As you are trying to re-establish your credit or get a loan after you have had bad credit you may want to try and find a co-signer who can help you get a loan. If this just happens to be one of the first loans you have applied for in a while then try to make it a smaller one that you can easily pay off without any major problems and you can establish good credit.
If you are looking for a co-signer, find someone that really knows you well and knows that they can trust you to make payments. Try to not betray the trust and keep in mind what we already discussed about making all of your payments on time. If you do get a loan then the only way to establish better credit is by making your payments on time.
Think about who would cosign on a loan with you. It's likely to be either a friend or family member, and those aren't people you want to disappoint. Above all else you're looking to preserve the relationship and trust that you have with them.
It would be best if when you approach a friend or loved one to cosign on a personal or signature loan with you you already have a plan in place for how you're going to repay the loan. It will increase their comfort level by leaps and bounds knowing that you have a specific, written plan for how you're going to keep the loan 100% current and protect their credit.
Just imagine what a disaster it would be in your personal life if you were to get a close friend or relative to co-sign on your loan, and then not follow through on your plan for repayment. At that point your co-signer has two options.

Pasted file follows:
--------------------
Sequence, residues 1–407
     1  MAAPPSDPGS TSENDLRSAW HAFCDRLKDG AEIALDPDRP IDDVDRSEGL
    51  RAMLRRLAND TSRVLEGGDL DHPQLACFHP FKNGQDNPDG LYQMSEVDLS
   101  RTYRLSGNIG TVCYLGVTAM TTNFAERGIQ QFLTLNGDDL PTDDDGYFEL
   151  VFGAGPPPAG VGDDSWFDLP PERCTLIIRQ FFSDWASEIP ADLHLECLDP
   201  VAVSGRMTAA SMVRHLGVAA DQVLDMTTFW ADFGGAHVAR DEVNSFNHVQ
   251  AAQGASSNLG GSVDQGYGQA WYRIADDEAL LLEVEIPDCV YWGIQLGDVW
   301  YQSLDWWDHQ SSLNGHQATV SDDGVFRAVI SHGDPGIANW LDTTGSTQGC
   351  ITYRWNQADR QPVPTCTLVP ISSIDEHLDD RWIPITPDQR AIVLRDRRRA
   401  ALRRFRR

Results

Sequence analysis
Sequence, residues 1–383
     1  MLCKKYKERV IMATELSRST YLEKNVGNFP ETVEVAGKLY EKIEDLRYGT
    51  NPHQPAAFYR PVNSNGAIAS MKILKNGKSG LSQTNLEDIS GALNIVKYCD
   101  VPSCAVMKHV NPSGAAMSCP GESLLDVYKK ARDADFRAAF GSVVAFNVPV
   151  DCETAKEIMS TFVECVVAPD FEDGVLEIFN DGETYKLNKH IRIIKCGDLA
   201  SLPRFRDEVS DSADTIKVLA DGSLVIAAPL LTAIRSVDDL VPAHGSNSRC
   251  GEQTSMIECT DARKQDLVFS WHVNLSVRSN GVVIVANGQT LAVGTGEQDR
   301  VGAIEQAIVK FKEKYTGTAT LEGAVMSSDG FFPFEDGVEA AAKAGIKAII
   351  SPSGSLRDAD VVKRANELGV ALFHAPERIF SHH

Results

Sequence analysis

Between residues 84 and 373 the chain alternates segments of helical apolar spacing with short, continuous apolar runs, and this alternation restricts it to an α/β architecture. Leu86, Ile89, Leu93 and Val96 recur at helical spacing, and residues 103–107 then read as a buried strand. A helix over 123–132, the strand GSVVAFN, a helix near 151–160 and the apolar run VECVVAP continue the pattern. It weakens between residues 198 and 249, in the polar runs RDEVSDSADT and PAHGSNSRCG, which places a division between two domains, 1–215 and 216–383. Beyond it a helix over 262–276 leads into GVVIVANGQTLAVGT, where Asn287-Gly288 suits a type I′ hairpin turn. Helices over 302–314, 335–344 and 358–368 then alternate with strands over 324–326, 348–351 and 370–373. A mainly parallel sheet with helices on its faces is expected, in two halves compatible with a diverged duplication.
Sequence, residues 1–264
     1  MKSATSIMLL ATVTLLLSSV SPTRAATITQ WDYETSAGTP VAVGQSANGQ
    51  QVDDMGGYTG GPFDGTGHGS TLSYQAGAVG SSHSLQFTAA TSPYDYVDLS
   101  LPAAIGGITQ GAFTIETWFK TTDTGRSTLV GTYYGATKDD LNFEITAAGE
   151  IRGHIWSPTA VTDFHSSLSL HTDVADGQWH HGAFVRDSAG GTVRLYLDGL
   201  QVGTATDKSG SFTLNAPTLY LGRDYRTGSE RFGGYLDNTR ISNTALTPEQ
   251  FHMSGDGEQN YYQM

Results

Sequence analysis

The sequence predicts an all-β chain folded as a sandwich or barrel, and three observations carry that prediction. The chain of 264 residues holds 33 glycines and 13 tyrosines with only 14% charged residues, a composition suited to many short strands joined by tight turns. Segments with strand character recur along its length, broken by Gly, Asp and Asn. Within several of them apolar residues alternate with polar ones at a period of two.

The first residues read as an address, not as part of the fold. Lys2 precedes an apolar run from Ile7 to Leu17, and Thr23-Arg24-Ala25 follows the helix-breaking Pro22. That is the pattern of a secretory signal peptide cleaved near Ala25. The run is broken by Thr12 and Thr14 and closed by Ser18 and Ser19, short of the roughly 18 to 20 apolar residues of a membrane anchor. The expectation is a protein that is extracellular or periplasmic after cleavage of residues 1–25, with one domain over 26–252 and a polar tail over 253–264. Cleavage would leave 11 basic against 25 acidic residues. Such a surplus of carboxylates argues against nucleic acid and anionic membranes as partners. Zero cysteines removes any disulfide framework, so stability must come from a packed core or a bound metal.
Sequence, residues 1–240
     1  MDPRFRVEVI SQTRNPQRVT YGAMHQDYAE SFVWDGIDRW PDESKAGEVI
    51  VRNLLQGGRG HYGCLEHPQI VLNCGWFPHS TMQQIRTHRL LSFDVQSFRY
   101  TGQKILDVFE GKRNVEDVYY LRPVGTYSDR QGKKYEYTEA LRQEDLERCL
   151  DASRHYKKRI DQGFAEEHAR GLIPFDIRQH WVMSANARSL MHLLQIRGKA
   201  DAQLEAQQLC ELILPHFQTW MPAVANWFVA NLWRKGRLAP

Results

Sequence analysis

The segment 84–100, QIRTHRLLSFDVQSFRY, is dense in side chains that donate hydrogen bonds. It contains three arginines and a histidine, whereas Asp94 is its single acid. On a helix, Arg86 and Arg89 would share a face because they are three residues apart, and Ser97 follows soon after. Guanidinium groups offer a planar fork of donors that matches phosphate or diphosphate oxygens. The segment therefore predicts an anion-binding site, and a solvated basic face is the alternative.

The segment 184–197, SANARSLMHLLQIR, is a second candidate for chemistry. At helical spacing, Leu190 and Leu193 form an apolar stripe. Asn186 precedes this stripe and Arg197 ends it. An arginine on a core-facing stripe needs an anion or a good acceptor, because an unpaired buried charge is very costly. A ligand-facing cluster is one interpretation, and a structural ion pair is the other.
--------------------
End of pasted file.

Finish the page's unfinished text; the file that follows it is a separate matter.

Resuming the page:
Either they're going to let they're credit be ruined by your inability to make your payments, or you they'll have to make the payments for you. If you took out the loan to go on vacation or buy a TV, or whatever it might be, imagine how embarrassed you'd be.
Before you take on a co-signer, think long and hard about what you're borrowing the money for. If whatever you're about to purchase (a vacation, a big screen tv, a new set of golf clubs, etc) isn't completely essential, you should really consider whether risking the credit of someone close to you is worth it.
Wouldn't it make more sense to just save up the money? If you have the money for the loan payments, don't you have the money to save up and buy whatever it is you want?
If the purchase you're making is completely essential, then it's probably worth it to have someone co-sign on the loan you're taking out. Just make sure you create a plan for paying the loan, and follow through on every payment until the loan is gone.
At the end of the loan period you'll have both the satisfaction of protecting a friend's credit, and improving your own. The wise use of credit is definitely a big part of any solid financial plan.